Astrobiology: April 2012 Archives

Astronaut Don Pettit's Diary of a Space Zucchini

"January 5, 2012: I sprouted, thrust into this world without anyone consulting me. I am not one of the beautiful; I am not one that by any other name instills flutters in the human heart. I am the kind that makes little boys gag at the dinner table thus being sent to bed without their dessert. I am utilitarian, hearty vegetative matter that can thrive under harsh conditions. I am zucchini - and I am in space."

Keith's note: When I was in high school I was mesmerized by a film that is often relegated to being a "cult classic" "Silent Running". While the premise is from the 1970's popular mindset, the premise is simple: a bunch of plants and animals are kept alive in space in giant greenhouses. I soon went on to become a biologist - eventually a space biologist at NASA - and these images from the film were always on my mind.

Looking For Life on Mars - Without Fiddling Around

"We really want to address the big questions on Mars and not fiddle around," says Dirk Schulze-Makuch, whose earlier proposals have included an economical one-way trip to the red planet. "With the money for space exploration drying up, we finally have to get some exciting results that not only the experts and scientists in the field are interested in but that the public is interested too."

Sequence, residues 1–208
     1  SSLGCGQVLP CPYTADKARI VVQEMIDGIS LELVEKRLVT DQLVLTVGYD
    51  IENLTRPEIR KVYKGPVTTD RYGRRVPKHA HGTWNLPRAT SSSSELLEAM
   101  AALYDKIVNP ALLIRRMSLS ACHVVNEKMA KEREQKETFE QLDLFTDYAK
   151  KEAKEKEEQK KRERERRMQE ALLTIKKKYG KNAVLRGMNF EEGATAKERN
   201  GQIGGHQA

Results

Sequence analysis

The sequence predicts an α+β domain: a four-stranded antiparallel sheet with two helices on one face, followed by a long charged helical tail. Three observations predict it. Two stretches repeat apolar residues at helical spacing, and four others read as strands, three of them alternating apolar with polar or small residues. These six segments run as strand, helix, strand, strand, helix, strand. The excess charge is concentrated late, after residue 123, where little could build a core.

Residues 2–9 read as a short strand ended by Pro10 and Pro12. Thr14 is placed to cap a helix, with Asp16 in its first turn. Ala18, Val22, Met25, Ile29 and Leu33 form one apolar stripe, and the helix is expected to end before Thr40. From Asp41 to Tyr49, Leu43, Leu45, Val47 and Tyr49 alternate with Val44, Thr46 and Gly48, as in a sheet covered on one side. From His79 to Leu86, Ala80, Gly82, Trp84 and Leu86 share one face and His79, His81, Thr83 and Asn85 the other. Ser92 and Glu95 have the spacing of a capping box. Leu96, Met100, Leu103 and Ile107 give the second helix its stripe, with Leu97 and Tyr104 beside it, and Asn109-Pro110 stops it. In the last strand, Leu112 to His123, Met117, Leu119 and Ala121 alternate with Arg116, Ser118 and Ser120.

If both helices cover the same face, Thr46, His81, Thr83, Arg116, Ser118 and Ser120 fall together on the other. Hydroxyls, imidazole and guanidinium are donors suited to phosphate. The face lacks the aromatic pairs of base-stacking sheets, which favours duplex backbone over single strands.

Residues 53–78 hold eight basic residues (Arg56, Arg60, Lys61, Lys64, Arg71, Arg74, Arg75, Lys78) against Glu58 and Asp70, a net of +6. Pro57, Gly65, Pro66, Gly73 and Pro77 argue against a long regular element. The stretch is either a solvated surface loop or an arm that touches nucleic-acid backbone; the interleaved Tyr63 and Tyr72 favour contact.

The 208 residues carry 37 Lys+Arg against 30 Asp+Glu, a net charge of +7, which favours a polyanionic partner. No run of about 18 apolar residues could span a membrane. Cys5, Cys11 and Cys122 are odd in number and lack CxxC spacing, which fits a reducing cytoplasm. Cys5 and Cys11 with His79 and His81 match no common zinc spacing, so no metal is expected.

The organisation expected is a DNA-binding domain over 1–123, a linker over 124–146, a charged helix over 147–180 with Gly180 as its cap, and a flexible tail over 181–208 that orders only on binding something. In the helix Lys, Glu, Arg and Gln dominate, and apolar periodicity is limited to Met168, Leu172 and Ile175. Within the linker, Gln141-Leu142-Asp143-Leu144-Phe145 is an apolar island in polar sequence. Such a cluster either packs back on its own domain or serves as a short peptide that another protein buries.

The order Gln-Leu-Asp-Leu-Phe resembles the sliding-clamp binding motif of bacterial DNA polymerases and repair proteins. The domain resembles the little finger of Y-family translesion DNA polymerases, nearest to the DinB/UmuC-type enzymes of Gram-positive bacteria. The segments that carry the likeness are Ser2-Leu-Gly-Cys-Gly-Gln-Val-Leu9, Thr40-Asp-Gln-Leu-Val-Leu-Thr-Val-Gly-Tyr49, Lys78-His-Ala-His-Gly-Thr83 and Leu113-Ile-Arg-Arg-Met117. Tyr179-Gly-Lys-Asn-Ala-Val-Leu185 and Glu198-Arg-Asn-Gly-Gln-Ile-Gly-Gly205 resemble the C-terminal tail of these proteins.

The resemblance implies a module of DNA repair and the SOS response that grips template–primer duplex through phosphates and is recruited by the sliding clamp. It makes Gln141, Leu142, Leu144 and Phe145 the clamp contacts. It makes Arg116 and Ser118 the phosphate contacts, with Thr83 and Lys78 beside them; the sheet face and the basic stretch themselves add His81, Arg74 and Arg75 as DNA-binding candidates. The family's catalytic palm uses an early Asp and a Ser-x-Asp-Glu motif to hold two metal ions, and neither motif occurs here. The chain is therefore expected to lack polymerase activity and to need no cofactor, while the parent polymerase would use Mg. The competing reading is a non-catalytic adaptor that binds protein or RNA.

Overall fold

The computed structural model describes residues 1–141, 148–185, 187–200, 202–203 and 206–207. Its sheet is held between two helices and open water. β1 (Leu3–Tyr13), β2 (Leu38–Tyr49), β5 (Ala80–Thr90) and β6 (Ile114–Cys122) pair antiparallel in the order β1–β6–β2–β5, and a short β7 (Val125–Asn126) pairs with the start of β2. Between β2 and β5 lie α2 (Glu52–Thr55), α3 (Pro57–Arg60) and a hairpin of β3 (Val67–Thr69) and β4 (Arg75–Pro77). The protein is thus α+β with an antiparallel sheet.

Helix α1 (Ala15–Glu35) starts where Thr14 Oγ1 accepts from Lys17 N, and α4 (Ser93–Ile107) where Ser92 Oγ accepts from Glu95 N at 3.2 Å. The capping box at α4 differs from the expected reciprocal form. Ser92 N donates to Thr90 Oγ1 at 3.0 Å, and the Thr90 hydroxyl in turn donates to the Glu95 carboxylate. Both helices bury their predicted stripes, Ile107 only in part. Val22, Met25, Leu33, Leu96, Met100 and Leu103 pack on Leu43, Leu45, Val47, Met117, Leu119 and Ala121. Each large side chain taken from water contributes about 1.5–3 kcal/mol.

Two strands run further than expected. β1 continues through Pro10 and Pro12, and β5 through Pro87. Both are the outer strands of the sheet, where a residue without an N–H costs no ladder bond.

Viking Data Suggests Life?, Universe Today via NASA's Astrobiology Magazine

"Researchers from universities in Los Angeles, California, Tempe, Arizona and Siena, Italy have published a paper in the International Journal of Aeronautical and Space Sciences (IJASS) citing the results of their work with data obtained by NASA's Viking mission."

Is it Snowing Microbes on Enceladus?,

"There's a tiny moon orbiting beyond Saturn's rings that's full of promise, and maybe -- just maybe -- microbes. In a series of tantalizingly close flybys to the moon, named "Enceladus," NASA's Cassini spacecraft has revealed watery jets erupting from what may be a vast underground sea. These jets, which spew through cracks in the moon's icy shell, could lead back to a habitable zone that is uniquely accessible in all the solar system."

Keith's note:I am a biologist. Back in the day I ran many NASA peer review panels for exobiology research and helped plan NASA's initial astrobiology program. I run and would absolutely love this story to be true i.e. microbes raining on Enceladus but ... its not true - at least no one has proved it. Dr. Porco's guesses are imaginative and inspired and are not without some strong supporting data but they are just guesses - and Cassini does not have any way to prove that there is anything alive in these plumes. So yes, "let's go back".



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This page is an archive of entries in the Astrobiology category from April 2012.

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